Q. Where do you get your ideas?
A. All my stories and ideas come straight from my crazy brain. I have a strange imagination. I can remember details of my fantasy daydream life when I was a kid just as clearly as I can remember what happened in my real life. I always had a make believe world that felt just as true as the real world. Now I get to share it with my readers.
Q. Have you always wanted to be a writer?
A. No. I wanted to be a sheep farmer and an astronaut and a super-hero and a secret agent and a rock star and a composer and a flutist and pianist and a pilot. While I day-dreamed all that (and actually worked on some of them), I became a flutemaker and kept writing stories.
Q. When did you start writing?
A. I jotted down stories and poems as a kid and I wrote my first novel when I was eighteen. It was a science fiction epic called Solomon's Rule . I tinkered with it for several years afterwards but never really got to work right. But there's still time.
Q. Have you ever had another job other than writing?
A. Yes. I've been a flutemaker all my life before I became a professional writer. That's the only other job I ever had and I still make flutes. You can see my flute designs at

Q. Why did you decide to become a writer?
A. It wasn't so much a conscious decision. I always wrote stories. In my 20's, after I wrote Solomon's Rule, I wrote a mystery novel called The Cult Connection. Then I wrote a couple of movie screenplays and a non fiction book about comic strip art. So, I guess, I was always a writer. I just never persued it as a career early on in my life.
Q. Will you always write for children?
A. Probably not. I love writing kids books but I have a head full of ideas and characters and stories. We'll just have to see who they're best suited for as they get written. I've written movie and TV scripts, too, that I'd like to get produced.
Q. What else have you written?
A. I guess I mentioned them a bit above. Besides the two novels (Solomon's Rule and The Cult Connection), I've written several movie scripts. One is a romantic comedy called America's Smartest Couple about a couple who enter a national game show contest and have to learn to set aside their differences. Another is a murder mystery called The Identity Thief. I've also written a TV sitcom pilot and my comic strip book The Really Funny Pages. Currently, I am working on a sequel to The Aquanauts and a first chapter book about my adventures growing up in Toronto in 1967 called You Pedal, I'll Steer. I've also written some politcal editorials (op-eds) for a New Hampshire newspaper. You can read more about them on my scrapbook page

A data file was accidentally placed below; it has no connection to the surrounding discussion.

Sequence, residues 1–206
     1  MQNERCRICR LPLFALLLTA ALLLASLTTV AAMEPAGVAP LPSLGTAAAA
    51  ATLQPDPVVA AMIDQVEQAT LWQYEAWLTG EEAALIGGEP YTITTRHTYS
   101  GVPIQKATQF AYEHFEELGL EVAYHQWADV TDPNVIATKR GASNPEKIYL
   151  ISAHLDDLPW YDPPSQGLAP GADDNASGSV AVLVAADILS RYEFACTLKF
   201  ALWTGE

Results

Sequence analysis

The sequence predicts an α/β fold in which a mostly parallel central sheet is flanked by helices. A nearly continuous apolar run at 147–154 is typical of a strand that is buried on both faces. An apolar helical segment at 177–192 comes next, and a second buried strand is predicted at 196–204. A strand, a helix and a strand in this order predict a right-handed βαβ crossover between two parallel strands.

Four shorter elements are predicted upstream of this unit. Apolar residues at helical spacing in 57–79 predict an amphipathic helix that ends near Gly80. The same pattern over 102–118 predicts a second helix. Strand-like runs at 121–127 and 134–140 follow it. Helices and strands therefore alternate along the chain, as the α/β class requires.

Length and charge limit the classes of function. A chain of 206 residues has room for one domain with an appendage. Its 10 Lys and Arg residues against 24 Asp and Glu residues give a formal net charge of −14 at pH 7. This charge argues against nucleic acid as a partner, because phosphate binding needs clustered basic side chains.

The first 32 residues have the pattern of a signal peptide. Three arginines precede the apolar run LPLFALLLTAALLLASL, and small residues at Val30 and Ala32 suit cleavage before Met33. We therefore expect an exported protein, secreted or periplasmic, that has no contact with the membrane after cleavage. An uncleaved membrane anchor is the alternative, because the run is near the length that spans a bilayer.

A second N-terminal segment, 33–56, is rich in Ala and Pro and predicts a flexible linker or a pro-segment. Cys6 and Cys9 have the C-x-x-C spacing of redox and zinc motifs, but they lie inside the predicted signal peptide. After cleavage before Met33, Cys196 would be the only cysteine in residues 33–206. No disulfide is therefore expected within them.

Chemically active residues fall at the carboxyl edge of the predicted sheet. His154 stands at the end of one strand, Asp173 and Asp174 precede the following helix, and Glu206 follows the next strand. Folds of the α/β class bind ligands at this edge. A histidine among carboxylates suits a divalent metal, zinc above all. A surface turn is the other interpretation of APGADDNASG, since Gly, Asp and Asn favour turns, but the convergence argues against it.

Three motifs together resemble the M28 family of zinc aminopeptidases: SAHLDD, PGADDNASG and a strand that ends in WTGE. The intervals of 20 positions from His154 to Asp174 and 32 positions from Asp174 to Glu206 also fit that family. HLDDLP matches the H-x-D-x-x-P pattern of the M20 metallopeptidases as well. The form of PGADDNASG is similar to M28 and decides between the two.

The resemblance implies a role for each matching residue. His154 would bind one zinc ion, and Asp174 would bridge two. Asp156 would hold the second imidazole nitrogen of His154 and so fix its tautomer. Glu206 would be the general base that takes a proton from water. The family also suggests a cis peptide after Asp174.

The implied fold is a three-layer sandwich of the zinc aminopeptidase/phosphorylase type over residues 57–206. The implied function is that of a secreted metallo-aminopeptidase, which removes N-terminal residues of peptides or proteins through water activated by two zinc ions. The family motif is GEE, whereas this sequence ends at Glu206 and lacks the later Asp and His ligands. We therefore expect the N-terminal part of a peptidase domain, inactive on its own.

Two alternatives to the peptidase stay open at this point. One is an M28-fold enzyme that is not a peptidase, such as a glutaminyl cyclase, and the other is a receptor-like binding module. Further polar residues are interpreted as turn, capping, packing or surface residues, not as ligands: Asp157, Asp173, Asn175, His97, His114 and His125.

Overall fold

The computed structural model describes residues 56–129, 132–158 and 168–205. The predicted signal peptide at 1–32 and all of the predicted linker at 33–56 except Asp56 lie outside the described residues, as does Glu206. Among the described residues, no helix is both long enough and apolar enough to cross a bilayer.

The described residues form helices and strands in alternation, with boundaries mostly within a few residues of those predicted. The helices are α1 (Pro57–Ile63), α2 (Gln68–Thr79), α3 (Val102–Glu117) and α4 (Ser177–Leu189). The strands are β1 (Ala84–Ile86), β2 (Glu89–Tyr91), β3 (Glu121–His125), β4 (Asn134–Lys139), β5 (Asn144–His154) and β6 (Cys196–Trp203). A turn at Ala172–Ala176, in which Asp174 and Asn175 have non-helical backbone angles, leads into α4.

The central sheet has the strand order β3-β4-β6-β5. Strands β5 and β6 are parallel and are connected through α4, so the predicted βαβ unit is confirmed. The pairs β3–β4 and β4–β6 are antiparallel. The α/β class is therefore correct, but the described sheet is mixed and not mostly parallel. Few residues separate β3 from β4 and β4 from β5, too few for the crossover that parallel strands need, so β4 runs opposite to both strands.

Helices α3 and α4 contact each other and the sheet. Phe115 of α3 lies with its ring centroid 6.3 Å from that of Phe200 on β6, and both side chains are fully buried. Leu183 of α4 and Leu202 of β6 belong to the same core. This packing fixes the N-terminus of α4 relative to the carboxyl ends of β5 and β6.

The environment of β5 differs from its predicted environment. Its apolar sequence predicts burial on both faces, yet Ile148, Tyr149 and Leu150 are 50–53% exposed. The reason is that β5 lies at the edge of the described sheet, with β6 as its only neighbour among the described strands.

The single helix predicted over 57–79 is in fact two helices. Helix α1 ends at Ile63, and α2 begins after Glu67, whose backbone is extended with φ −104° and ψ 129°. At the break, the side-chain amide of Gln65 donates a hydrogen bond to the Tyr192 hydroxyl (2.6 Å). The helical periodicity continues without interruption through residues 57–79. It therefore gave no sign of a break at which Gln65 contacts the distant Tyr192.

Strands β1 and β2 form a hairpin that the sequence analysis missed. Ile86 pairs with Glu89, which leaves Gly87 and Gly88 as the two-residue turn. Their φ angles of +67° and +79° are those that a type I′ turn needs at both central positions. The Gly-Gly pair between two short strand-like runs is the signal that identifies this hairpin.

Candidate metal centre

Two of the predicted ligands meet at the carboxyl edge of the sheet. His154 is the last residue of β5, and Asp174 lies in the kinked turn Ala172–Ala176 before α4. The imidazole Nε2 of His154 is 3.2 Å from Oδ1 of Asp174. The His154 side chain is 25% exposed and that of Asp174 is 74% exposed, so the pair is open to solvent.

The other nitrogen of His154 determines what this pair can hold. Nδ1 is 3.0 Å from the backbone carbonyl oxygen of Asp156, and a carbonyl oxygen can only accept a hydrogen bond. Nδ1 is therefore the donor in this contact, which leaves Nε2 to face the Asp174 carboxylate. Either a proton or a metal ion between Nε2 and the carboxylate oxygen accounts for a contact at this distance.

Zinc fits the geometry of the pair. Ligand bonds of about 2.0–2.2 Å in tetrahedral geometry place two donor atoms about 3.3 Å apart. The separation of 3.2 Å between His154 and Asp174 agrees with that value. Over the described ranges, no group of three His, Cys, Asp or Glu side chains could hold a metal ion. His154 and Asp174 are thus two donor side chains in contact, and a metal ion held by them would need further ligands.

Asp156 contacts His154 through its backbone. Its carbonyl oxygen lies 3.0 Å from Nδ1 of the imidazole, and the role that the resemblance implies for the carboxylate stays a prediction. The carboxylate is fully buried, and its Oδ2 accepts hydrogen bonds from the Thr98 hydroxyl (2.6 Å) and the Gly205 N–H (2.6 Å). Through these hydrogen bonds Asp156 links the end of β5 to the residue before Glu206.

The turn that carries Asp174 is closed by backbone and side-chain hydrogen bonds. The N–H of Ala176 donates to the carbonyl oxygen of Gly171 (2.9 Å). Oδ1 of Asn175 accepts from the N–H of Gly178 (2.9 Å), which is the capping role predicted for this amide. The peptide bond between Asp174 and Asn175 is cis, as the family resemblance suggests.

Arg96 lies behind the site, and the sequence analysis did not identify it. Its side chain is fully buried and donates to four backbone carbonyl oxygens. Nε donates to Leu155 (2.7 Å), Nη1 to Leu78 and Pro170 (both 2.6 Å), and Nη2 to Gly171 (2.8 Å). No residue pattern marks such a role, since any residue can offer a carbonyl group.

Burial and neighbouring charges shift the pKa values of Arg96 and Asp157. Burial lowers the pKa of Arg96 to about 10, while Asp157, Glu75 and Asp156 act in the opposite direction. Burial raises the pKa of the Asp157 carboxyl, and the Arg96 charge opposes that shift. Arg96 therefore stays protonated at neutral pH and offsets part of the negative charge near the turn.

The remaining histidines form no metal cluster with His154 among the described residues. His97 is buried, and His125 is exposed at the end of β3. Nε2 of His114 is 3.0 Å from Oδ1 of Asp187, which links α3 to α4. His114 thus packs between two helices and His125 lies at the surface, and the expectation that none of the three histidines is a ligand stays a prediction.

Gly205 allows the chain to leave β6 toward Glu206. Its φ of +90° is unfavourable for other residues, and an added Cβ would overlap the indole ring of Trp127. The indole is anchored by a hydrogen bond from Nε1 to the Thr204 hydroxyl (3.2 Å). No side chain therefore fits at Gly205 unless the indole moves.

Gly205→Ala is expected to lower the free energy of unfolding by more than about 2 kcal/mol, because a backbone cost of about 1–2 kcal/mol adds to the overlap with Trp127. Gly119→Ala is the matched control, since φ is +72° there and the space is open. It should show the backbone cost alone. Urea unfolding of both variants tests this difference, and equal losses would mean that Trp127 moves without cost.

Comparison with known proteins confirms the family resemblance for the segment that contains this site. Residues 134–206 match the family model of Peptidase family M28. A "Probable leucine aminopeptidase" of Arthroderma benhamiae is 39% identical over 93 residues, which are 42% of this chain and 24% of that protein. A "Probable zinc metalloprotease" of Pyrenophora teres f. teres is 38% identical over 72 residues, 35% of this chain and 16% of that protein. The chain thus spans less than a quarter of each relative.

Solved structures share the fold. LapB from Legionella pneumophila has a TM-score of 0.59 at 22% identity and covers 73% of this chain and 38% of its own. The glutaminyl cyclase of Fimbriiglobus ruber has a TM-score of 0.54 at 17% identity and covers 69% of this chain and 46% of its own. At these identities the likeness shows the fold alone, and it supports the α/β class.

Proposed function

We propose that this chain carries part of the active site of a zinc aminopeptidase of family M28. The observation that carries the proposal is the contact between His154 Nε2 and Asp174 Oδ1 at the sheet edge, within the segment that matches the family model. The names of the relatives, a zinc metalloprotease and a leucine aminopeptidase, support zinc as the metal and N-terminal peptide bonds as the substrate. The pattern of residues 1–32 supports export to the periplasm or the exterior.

Q. Do you have any hobbies?
A. I have too many hobbies and other interests. Among other things, I'm involved in local politics and community work, I used to fly airplanes and ride motorcycles and hang glide. I have an animation studio in my house where I build miniature sets and make films. I collect comic strip art. I make jewelry and design webpages. I have a big telescope and a wonderful view of the New Hampshire night sky. There are just so many things to do that I'd love to find time for.
Lately, I've been developing and refining my Live Online School Visit Program so that I can combine a lot of these interests and visits school kids around the world.
Q. How long does it take you to write a book?
A. For me, writing a book is a slow process. It took me a couple of years to write each of my novels. I have to rewrite and rewrite each word and sentence to get them to all sound and feel right. It's different for every writer. Some have words pour out easily, with others it takes more time.

Q. Where can I buy your books?
A. Just click here to the contacts page for ordering information. You can order single copies, or place orders for libraries, bookstores, and other organizations as well.
If you have questions that weren't answered here, please e-mail me.